Hank Aaron’s autobiography, I Had A Hammer, was the final book of the Literature of Baseball course I sat in on this fall semester. I did not finish reading the book by the end of the semester, but I’ve made a point to get through it since then. I’m glad to have done so, because I had once started the book many years ago, but never finished it, and now I can say that I have.
Hank Aaron begins by recounting his childhood in Mobile, Alabama, growing up as a poor southern boy sneaking off to play baseball whenever time would allow him to do so. As a ballplayer, especially as a hitter, Aaron expresses an unwavering confidence in his abilities. He attributes his successes throughout his career to his ability to concentrate at the plate, no matter what else might be going on in his life. This allows him to stay consistent as a hitter and to collect hits and home runs even against the best pitchers in professional baseball. This confidence propels him from the Indianapolis Clowns of the Negro American League to the South Atlantic League, then to the Milwaukee Braves. With the Braves, Aaron led the team to a World Series victory in 1957 and earned the Most Valuable Player award of the National League.
On April 8, 1974, Aaron broke Babe Ruth’s lifetime home run record of 714. Through this book, the reader gets to glimpse the home run chase from Aaron’s perspective, which was not the same as the perspective of the general public during this period. In the autobiography are published a handful of the thousands of pieces of hate mail that Hank Aaron received as he pursued the Babe’s record, and many of them are heartbreaking. Much of the time, I try to keep my faith in humanity, in spite of the hatred and violence and destruction that seems to perpetually permeate our society. Sometimes, however, I have moments that makes me believe that such faith is useless and that we, as a race, will never change. Reading these pieces of hate mail sent to Aaron was one of those moments. I considered sharing one or two of them here, but they are all so repugnant that I honestly don’t have it in me to even retype them.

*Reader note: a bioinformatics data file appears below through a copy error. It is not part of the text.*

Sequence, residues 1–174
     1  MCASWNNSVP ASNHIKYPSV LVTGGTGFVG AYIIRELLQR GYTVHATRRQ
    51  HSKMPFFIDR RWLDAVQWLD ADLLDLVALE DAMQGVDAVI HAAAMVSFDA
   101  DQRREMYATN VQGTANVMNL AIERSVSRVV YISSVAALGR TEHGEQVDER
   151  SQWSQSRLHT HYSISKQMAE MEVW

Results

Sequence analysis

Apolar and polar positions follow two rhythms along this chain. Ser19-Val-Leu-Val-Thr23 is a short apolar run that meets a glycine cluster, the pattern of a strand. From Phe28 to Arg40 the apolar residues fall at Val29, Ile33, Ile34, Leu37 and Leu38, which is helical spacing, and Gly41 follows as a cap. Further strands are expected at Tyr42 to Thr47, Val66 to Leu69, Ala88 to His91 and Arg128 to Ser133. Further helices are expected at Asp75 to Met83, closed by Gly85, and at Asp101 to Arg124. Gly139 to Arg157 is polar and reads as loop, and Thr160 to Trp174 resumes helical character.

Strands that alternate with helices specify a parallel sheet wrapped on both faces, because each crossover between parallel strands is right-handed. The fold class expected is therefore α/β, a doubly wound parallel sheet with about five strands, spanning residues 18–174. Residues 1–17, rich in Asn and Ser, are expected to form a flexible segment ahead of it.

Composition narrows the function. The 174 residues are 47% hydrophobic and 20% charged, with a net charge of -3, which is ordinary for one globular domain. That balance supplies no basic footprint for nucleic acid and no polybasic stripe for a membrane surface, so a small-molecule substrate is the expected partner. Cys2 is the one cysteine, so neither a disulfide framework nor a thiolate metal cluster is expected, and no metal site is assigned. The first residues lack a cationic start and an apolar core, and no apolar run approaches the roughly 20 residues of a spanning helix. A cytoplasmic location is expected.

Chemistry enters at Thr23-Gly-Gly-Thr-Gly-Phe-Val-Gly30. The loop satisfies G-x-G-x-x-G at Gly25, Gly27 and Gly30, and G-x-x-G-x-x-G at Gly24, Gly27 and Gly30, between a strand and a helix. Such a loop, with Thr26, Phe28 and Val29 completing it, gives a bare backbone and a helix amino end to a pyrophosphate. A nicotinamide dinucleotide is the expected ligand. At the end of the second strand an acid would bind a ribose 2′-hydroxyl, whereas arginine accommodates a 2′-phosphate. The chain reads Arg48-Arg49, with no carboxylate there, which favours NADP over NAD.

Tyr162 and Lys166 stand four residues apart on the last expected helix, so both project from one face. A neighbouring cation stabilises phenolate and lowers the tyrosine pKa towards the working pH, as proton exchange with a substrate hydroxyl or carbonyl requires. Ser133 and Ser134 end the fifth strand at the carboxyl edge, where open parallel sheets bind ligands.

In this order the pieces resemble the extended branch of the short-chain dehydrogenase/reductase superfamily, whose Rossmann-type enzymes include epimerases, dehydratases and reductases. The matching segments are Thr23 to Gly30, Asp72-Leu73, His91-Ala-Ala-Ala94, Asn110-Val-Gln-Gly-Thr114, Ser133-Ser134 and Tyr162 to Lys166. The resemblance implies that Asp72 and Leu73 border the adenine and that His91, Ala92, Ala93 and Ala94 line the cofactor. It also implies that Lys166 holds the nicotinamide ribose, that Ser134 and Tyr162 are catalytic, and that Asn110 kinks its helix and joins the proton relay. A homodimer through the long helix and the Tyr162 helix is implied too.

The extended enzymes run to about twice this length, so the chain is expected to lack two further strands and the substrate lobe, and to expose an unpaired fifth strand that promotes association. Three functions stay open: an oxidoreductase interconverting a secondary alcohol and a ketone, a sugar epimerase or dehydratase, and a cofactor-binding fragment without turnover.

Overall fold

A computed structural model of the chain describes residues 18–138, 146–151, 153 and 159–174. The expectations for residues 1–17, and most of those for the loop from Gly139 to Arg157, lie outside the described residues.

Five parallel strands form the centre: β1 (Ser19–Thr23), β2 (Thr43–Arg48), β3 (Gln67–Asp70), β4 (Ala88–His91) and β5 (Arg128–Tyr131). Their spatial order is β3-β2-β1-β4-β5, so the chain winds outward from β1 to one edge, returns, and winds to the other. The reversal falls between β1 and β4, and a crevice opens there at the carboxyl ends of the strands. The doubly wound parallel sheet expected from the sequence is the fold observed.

Aaron describes it best early in the book when he writes, “The Ruth chase should have been the greatest period of my life, and it was the worst. I couldn’t believe there was so much hatred in people. It’s something I’m still trying to get over, and maybe I never will.”
On the other hand, when word of all the hate mail reached the media, fans responded with letters of support.
I understand you get a lot of crank letters concerning breaking Ruth’s record. Enclosed is something [matches taped to the page] that will take care of those letters.
Letter like these, I think, are what keep me from giving up completely. I don’t want to speak for Hank Aaron, though I’d like to think that he feels the same way about them.
Aaron also set all-time records for total bases and RBIs. He ended his playing days by spending two seasons back in Milwaukee with the expansion team Brewers, then began a new career as an executive with the Atlanta Braves.
Off the field, as time went by, Hank Aaron spoke out more and more against the blatant bigotry that he observed taking place around him. For a long time, Aaron was the highest-ranking black in baseball. In this position, Aaron became an unofficial spokesman in racial matters as they pertain to the game.
What I love about this autobiography is that it is so much more than just a baseball book. Hank Aaron, along with Lonnie Wheeler, opens our eyes up to the world of bigotry and discrimination that some of us never experience in our day-to-day lives. And while baseball and the country has come a long way since Aaron’s first days in baseball, he points out that we still have a long way to go.